Do rivers and human-induced habitat fragmentation affect genetic diversity and population structure of the European ground squirrel at the edge of its Pannonian range?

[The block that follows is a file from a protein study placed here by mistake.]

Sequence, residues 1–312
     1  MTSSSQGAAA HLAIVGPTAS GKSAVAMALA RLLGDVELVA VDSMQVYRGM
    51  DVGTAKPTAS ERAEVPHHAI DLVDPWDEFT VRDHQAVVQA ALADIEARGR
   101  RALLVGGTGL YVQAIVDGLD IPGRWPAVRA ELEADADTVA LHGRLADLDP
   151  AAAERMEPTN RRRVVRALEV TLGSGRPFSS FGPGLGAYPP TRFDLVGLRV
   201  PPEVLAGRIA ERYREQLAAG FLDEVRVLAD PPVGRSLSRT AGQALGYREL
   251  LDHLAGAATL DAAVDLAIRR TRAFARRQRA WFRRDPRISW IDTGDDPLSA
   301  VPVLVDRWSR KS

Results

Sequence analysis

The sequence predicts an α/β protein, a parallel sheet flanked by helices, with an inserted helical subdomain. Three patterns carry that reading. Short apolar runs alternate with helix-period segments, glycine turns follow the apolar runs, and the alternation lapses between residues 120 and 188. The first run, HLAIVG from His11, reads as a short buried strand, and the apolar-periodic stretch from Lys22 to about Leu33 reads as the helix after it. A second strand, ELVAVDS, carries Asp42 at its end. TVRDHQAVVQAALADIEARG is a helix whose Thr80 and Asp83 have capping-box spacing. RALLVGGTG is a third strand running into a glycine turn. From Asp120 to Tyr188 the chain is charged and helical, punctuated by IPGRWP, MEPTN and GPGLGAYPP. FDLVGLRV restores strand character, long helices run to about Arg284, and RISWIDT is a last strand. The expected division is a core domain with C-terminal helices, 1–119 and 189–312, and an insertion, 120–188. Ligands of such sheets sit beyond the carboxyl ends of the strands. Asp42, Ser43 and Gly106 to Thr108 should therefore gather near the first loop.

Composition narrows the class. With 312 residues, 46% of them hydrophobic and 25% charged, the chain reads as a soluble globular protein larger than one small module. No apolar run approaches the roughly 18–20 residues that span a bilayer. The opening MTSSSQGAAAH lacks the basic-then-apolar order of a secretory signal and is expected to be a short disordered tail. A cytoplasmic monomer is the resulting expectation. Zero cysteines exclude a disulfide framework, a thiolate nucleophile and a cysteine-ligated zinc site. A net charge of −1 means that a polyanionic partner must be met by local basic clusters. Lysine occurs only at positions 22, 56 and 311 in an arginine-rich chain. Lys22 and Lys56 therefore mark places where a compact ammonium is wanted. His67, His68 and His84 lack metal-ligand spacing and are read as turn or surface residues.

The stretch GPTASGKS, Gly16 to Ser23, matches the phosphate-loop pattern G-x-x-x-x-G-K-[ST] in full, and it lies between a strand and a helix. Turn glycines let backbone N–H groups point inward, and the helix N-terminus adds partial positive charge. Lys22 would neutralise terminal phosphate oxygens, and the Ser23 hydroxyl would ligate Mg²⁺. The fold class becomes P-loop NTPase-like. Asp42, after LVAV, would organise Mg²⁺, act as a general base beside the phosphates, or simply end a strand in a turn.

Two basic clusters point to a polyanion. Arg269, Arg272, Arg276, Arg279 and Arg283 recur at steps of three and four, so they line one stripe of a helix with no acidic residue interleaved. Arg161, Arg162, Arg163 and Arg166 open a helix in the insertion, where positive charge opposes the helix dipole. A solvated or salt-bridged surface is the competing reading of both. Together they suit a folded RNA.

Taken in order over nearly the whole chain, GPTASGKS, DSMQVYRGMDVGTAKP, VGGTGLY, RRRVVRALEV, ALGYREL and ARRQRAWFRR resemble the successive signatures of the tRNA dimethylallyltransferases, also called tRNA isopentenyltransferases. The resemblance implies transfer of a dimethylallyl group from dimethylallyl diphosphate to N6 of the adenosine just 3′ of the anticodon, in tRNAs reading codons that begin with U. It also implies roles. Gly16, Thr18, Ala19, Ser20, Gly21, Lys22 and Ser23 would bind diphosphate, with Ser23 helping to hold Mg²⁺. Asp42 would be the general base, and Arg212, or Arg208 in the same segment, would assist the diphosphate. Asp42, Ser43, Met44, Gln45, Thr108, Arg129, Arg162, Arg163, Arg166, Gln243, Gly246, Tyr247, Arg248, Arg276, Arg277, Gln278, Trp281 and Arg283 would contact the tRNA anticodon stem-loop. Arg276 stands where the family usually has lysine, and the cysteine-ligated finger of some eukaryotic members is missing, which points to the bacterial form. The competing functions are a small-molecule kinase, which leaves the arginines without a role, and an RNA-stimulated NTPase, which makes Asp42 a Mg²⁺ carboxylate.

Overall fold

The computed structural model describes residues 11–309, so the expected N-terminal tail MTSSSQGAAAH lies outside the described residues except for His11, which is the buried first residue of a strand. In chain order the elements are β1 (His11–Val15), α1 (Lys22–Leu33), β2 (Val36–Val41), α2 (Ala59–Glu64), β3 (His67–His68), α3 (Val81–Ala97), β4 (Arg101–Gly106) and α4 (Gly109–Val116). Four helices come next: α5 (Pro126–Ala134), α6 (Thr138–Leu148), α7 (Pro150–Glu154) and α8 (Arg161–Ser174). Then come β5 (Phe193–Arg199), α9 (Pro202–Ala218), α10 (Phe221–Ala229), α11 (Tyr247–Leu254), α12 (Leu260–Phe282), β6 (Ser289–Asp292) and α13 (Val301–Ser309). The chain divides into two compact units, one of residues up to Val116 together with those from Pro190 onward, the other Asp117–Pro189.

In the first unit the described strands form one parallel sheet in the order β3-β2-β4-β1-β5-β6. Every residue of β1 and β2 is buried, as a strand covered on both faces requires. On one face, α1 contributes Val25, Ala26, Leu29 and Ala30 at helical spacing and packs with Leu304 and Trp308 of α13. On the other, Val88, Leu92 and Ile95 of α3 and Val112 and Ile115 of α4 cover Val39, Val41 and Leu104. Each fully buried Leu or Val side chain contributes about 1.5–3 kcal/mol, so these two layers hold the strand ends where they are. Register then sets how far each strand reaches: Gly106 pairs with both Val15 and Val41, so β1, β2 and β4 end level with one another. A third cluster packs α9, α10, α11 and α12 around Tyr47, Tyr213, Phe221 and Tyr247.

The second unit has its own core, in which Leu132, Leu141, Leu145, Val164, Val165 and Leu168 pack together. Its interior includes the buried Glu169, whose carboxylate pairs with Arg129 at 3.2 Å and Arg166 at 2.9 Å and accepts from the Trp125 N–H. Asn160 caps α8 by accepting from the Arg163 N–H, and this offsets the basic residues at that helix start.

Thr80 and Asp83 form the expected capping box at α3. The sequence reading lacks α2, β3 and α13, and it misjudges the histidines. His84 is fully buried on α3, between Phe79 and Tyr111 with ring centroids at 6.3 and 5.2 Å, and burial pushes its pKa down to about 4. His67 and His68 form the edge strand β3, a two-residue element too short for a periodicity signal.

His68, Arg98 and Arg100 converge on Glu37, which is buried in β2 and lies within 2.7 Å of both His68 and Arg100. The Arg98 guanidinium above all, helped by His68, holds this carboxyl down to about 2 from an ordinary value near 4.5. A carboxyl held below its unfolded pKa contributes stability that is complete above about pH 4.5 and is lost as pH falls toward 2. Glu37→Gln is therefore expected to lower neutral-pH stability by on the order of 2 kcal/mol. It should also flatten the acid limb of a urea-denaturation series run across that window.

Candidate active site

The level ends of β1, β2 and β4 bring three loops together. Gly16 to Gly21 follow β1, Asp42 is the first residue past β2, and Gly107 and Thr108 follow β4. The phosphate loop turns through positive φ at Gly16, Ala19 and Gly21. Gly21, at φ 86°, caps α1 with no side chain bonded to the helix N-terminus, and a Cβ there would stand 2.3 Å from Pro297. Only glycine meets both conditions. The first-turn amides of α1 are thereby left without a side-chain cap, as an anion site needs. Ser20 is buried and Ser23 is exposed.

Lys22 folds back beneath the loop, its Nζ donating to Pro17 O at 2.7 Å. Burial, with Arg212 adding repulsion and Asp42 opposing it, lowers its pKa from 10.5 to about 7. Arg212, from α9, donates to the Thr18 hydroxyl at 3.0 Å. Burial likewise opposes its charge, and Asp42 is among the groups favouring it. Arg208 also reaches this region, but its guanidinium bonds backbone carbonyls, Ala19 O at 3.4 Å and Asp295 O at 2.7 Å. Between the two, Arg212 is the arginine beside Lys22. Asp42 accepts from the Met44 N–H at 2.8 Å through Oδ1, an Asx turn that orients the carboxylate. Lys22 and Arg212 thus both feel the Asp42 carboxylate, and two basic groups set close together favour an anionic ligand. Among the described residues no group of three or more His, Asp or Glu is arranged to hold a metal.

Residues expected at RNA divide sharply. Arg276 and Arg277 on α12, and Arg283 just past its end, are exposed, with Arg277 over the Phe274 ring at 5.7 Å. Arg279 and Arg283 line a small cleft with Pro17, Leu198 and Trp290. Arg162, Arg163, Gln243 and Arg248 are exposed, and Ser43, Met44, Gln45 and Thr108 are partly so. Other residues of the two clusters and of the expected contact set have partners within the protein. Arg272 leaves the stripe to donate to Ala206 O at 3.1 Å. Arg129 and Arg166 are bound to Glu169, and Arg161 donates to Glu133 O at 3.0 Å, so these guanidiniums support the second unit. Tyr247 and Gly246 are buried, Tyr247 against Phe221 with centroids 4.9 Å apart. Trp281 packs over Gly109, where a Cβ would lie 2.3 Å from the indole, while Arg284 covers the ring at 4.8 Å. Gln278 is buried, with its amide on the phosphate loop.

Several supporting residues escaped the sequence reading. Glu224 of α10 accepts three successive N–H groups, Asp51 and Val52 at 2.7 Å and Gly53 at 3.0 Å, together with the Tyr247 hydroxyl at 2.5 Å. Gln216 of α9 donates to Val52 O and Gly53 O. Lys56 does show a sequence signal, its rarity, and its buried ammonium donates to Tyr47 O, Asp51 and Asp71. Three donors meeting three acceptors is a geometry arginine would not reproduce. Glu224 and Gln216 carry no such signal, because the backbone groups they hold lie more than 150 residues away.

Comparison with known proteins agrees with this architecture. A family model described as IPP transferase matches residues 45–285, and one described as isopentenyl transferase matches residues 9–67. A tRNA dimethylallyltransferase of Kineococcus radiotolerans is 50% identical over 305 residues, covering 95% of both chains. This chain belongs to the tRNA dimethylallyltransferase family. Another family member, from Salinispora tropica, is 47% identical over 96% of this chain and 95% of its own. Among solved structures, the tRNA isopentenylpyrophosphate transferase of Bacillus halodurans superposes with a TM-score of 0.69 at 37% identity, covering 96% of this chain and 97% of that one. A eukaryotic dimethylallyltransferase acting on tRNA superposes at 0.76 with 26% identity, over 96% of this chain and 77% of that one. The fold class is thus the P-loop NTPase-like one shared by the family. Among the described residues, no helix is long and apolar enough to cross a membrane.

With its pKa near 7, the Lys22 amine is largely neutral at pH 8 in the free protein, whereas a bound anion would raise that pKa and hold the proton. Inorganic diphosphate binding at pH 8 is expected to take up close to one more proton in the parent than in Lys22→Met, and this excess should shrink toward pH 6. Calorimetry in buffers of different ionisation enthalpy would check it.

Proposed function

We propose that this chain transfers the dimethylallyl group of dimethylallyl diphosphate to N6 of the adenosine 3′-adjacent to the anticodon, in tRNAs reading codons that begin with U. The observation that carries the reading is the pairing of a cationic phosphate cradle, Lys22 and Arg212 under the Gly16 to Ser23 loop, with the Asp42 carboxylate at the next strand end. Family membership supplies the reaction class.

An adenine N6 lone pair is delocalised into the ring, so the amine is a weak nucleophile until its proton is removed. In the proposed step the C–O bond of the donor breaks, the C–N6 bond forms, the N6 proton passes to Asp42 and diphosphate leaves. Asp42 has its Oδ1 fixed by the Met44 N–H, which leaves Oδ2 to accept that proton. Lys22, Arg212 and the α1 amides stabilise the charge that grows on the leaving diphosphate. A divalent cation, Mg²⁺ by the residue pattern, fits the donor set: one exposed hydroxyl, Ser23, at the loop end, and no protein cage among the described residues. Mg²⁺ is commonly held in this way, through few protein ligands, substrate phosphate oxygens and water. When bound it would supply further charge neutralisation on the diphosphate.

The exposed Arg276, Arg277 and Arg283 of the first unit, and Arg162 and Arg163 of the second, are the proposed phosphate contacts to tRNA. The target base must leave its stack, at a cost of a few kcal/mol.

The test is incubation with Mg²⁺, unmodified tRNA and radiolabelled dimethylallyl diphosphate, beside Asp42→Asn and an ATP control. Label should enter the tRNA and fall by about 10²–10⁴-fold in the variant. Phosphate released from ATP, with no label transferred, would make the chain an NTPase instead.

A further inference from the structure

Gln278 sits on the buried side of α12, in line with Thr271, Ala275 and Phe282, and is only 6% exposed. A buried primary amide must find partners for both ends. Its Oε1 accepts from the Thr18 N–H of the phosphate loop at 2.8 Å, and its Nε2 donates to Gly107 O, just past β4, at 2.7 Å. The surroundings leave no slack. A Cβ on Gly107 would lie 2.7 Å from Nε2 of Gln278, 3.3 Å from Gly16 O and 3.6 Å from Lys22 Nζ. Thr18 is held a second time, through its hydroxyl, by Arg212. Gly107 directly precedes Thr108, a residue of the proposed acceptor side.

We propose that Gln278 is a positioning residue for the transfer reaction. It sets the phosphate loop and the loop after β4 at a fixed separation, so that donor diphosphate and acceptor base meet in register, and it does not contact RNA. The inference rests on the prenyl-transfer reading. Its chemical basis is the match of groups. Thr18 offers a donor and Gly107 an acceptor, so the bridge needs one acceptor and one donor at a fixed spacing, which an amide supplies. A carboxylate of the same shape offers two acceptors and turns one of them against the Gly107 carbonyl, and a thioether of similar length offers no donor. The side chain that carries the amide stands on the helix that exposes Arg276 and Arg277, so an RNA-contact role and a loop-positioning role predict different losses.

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The European ground squirrel (EGS) (Spermophilus citellus) populations of Vojvodina (Serbia) represent the southernmost part of its distribution in the Pannonian lowland. For species with low dispersal abilities a presence of even weak barriers can have significant influence on genetic structure among adjacent populations. We examined here the effects of habitat fragmentation and river barriers on the genetic structure of the EGS based on 12 microsatellite loci. Bayesian clustering methods were used as additions to classical population genetic approaches. We found that EGS populations in Vojvodina are highly fragmented, but their genetic variation is still higher than in peripheral populations in Central Europe. Populations in Vojvodina consistently grouped into three genetic clusters. The Danube, but not the Tisza River, represents an important barrier to gene flow. EGS populations in the studied area did not show the signs of recent genetic bottlenecks, as would be expected from observations of recent population declines. Conservation strategy should be focused on maintenance of remained suitable habitats and optimal population sizes.